Landlord Deposit Protection Checklist

Tenancy Deposit Scheme

If you take a deposit for an assured shorthold tenancy, it is the landlord’s responsibility to protect it with a government authorised tenancy deposit scheme like TDS. Failure to do so can mean a hefty fine, and difficulty relying on a section 21 notice to evict your tenant.

Here are a few tips from the multi award winning TDS on how to stay the right side of the law when in comes to deposits and getting it right if you have a dispute.


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 Thanks to Tenancy Deposit Scheme this checklist is FREE of charge! 

Landlord Deposit Protection Checklist


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 Start of the tenancy  
When you receive the deposit, you have 30 days to register it with a government approved scheme.  
If you are relying on an agent to do it for you, the same deadline applies and you are liable if they get it wrong. So make sure they don’t!  
 If the agent is collecting the deposit and passing it on to you, the clock starts ticking when they receive it – not you!   
Irrespective who is protecting the deposit, the landlord is also responsible for telling the tenant where it is protected. This is in the form of “prescribed Information” and must be given within 30 days of receiving the deposit. TDS provide a template for landlords to use.   
Prescribed Information also includes a scheme leaflet – such as this one from TDS.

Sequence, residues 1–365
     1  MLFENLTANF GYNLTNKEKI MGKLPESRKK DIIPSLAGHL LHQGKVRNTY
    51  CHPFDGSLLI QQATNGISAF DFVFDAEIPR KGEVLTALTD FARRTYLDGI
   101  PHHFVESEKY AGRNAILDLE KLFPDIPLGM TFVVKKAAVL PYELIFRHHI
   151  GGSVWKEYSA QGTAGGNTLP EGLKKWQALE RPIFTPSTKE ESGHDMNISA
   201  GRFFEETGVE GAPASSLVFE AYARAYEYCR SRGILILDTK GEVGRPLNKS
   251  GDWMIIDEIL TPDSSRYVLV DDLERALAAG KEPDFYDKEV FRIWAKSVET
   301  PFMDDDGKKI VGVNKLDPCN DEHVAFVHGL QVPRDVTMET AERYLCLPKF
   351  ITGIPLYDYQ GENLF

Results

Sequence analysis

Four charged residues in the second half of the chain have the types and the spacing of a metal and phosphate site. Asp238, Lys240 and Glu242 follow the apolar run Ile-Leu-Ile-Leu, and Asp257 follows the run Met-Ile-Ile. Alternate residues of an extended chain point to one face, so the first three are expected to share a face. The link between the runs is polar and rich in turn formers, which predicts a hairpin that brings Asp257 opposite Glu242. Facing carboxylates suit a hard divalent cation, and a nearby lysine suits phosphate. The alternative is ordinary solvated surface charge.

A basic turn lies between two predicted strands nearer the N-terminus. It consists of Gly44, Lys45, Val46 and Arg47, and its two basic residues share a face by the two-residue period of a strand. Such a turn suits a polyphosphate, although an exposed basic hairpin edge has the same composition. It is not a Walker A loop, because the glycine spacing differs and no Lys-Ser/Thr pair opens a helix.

Do ensure you draw up a robust tenancy agreement that details all the things you expect the tenant to do and pay. Make sure any fees are clear and that your agreement specifies what the deposit can be used for.  
Do make sure you conduct a comprehensive inventory and ideally check the tenants in so the document can be signed. If this can be done independently, even better but either way make sure the condition and cleanliness is both noted.   
Keep all your documentation safe. You might need it later!   
During the tenancy  
Keep a written record of any communications you have with your tenant.  
If you give permission for something to be changed, like a wall decorated, make sure you specify how you expect it returned. Don’t assume it will be repainted magnolia if you haven’t agreed in writing it will be!  
As the end of the fixed term approaches, ascertain the tenant’s plans so you can remarket the property accordingly and arrange the check out or draw up a renewed tenancy agreement.  
Try and do a pre check out before the tenancy ends, to give the tenant some pointers on things you expect to be sorted before they move out.   
Confirm in writing the check-out arrangements and remind the tenant of any special conditions they might have overlooked.  
End of the tenancy  
Arrange a check out inventory on the last day of the tenancy or as soon as possible after.  
Quantify any claim you seek to make from the deposit and convey this to the tenant as soon as you can once the tenancy has ended.   
Make sure you only make charges permitted by your tenancy agreement.  
Justify your charges to the tenant if necessary. It is not unreasonable to be asked for evidence of the cost.  
If the tenant disagrees with your proposals, do negotiate. 99% of tenancies are resolved by agreement.  
Make sure you factor in wear and tear and betterment. You cannot expect the tenant to reinstate any damage to a better standard that it was at the start of the tenancy. TDS produce some helpful case studies that are worth checking out.  
If there is a dispute, ensure you return the undisputed sum.  
Ensure any dispute is logged with a scheme as soon as possible, and for insured schemes no later than three months after the end of the tenancy.  

All our information is brought to you by Kate Faulkner, author of
Which? Property books and one of the UK's top property experts.
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